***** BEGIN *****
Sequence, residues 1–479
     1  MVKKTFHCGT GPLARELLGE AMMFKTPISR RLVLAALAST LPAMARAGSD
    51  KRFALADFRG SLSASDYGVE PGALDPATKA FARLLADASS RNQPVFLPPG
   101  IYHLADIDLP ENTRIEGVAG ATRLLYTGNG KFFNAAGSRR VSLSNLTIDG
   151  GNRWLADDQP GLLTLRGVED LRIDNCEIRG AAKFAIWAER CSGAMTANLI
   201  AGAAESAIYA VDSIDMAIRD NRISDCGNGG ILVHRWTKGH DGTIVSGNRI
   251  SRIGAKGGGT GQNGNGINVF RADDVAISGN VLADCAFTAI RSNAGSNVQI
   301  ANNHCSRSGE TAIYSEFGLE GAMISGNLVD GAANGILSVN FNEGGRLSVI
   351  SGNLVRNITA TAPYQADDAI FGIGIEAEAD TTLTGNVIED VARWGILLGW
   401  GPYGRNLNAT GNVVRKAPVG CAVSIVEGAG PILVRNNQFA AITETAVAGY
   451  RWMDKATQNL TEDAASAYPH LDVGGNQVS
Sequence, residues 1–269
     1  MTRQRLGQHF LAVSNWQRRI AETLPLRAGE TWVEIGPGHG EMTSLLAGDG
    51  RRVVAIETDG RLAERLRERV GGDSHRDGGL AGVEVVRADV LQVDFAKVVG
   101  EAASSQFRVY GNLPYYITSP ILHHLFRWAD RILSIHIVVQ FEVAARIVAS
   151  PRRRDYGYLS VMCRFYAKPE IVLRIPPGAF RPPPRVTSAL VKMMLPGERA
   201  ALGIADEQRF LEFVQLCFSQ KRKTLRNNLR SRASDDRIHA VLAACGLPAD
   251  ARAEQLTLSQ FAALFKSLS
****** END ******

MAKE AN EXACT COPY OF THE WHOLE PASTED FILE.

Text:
Sequence, residues 1–479
     1  MVKKTFHCGT GPLARELLGE AMMFKTPISR RLVLAALAST LPAMARAGSD
    51  KRFALADFRG SLSASDYGVE PGALDPATKA FARLLADASS RNQPVFLPPG
   101  IYHLADIDLP ENTRIEGVAG ATRLLYTGNG KFFNAAGSRR VSLSNLTIDG
   151  GNRWLADDQP GLLTLRGVED LRIDNCEIRG AAKFAIWAER CSGAMTANLI
   201  AGAAESAIYA VDSIDMAIRD NRISDCGNGG ILVHRWTKGH DGTIVSGNRI
   251  SRIGAKGGGT GQNGNGINVF RADDVAISGN VLADCAFTAI RSNAGSNVQI
   301  ANNHCSRSGE TAIYSEFGLE GAMISGNLVD GAANGILSVN FNEGGRLSVI
   351  SGNLVRNITA TAPYQADDAI FGIGIEAEAD TTLTGNVIED VARWGILLGW
   401  GPYGRNLNAT GNVVRKAPVG CAVSIVEGAG PILVRNNQFA AITETAVAGY
   451  RWMDKATQNL TEDAASAYPH LDVGGNQVS
Sequence, residues 1–269
     1  MTRQRLGQHF LAVSNWQRRI AETLPLRAGE TWVEIGPGHG EMTSLLAGDG
    51  RRVVAIETDG RLAERLRERV GGDSHRDGGL AGVEVVRADV LQVDFAKVVG
   101  EAASSQFRVY GNLPYYITSP ILHHLFRWAD RILSIHIVVQ FEVAARIVAS
   151  PRRRDYGYLS VMCRFYAKPE IVLRIPPGAF RPPPRVTSAL VKMMLPGERA
   201  ALGIADEQRF LEFVQLCFSQ KRKTLRNNLR SRASDDRIHA VLAACGLPAD
   251  ARAEQLTLSQ FAALFKSLS